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IL-10 and TGF-β, cytokines produced in excess by monocytes during active TB [2,7], may play a role in the immunosuppressive properties of CD4+CD25+ Tregs[17]. Therefore, we then investigated the relationship between frequencies CD4+CD25+ T cells and levels of IL-10 in MTB antigen-stimulated whole blood culture supernatants from patients in groups 1 and 2. Levels of TGF-β were not assessed, because high background levels of TGF-β in whole blood cultures (released by platelets during degranulation) preclude meaningful analysis of antigen-induced changes in production of the cytokine. MTB-stimulated IL-10 levels were determined in supernatants from group 1 (n = 10) and group 2 (n = 6) patients. Levels of IL-10 were higher (1·8-fold, **P < 0·001) in supernatants of patients from group 1 compared to group 2 (Fig. 6b). Interestingly, by week 4 antigen-stimulated production of IL-10 had declined significantly in whole blood cultures from group 1 patients (*P < 0·005) and in parallel with declining frequencies of CD4+CD25+ Tregs.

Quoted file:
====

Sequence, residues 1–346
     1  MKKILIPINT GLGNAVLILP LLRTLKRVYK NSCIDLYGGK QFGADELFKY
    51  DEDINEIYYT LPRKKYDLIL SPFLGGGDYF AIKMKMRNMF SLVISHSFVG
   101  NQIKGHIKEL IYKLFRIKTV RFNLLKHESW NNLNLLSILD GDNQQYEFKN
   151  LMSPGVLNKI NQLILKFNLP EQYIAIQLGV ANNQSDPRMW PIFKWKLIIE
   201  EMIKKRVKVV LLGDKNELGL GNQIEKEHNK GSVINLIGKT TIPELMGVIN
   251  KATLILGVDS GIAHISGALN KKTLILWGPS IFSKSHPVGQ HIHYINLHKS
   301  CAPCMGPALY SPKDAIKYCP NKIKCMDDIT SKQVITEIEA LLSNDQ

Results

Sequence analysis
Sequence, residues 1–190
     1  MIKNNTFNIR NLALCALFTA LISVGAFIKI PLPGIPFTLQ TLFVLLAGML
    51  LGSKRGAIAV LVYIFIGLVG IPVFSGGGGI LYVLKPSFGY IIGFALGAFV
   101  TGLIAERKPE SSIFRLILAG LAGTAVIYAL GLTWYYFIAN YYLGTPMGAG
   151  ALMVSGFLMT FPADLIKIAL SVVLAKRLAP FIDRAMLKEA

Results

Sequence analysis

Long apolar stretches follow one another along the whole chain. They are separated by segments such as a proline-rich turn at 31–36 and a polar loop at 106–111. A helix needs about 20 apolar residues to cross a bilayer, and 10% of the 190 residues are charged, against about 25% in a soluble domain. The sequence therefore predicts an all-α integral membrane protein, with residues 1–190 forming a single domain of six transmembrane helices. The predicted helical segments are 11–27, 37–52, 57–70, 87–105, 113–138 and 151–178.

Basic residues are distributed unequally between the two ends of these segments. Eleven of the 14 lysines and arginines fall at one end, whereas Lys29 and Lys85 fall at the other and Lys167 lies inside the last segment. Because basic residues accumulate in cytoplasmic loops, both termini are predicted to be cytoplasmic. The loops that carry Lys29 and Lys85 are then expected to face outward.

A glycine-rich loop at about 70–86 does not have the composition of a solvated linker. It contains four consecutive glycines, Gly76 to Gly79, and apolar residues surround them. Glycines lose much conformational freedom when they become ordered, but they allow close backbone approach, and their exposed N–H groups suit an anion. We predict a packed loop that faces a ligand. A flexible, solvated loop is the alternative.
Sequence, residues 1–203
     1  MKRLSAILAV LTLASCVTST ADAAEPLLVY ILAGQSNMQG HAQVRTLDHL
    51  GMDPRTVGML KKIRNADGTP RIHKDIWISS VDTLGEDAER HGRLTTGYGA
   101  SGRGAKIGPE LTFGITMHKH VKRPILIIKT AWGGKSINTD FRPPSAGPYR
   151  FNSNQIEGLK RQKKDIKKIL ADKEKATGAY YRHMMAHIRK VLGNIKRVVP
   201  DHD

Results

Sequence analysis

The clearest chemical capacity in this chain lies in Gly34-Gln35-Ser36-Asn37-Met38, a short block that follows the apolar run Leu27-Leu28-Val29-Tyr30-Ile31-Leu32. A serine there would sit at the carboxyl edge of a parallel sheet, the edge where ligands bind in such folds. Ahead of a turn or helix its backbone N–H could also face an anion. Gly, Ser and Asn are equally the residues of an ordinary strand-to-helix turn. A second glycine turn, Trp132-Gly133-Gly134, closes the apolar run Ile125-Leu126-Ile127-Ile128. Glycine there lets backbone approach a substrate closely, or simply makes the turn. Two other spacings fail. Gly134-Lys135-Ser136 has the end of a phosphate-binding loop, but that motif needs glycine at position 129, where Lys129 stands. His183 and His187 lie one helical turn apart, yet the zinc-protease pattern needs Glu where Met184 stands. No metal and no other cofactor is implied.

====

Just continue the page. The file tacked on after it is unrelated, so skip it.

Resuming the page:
To investigate if differences in frequencies of circulating CD4+CD25+ T cells had an impact on local immune responses at sites of active MTB infection in the lung, we next measured IFN-γ and TNF-α immunoreactivities in sputum from TB patients in groups 1 and 2. At baseline, median levels of IFN-γ and TNF-α were higher in sputum from group 2 compared to group 1 patients (1·5-fold and 1·7 fold, respectively, Fig. 7). Differences between groups, however, were not statistically significant (Wicoxon's two-sample test and Kruskall–Wallis test). IL-10 was undetectable in sputum from either group. To evaluate whether TB patients in groups 1 and 2 also differed in their clinical profiles we then evaluated microbiological data and clinical records from all study participants. Mycobacterial load (expressed as log10 CFU) at the time of TB diagnosis was increased slightly in patients in group 1 compared to those in group 2 (log10 CFU: 6·2 ± 0·1 and 5·8 ± 0·1 (mean ± s.e.m.), respectively; P ≤ 0·002, Student's t-test). No differences between subjects in groups 1 and 2 with respect to duration of symptoms (cough, fever and weight-loss), haematological parameters or PPD skin test size (data not shown) were observed. The extent of radiographic disease [27] was also not significantly different between groups. However, when parameters used to compute the overall radiographic score were evaluated individually, some subtle differences were observed: the number of disease-involved zones at the time of TB diagnosis was significantly higher in subjects in group 1 (P ≤ 0·04, Student's t-test; data not shown). By contrast, lung fibrosis was more pronounced in subjects in group 2 (P ≤ 0·04, Student's t-test; data not shown). Numbers of cavities did not differ significantly between groups. Thus, only subtle differences in clinical characteristics separated patients with high and low frequencies of CD25+CD4+ Tregs at baseline.